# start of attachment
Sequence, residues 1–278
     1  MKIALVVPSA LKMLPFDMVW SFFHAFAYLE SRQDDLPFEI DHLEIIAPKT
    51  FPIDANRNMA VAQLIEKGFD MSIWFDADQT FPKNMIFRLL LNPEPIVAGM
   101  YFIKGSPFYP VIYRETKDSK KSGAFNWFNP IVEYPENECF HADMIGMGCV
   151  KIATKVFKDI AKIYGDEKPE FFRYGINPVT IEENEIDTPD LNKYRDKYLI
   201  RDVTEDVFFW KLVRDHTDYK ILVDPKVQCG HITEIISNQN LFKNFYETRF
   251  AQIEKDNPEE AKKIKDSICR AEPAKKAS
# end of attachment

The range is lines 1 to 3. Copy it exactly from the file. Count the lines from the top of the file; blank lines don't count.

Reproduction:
Sequence, residues 1–278
     1  MKIALVVPSA LKMLPFDMVW SFFHAFAYLE SRQDDLPFEI DHLEIIAPKT
    51  FPIDANRNMA VAQLIEKGFD MSIWFDADQT FPKNMIFRLL LNPEPIVAGM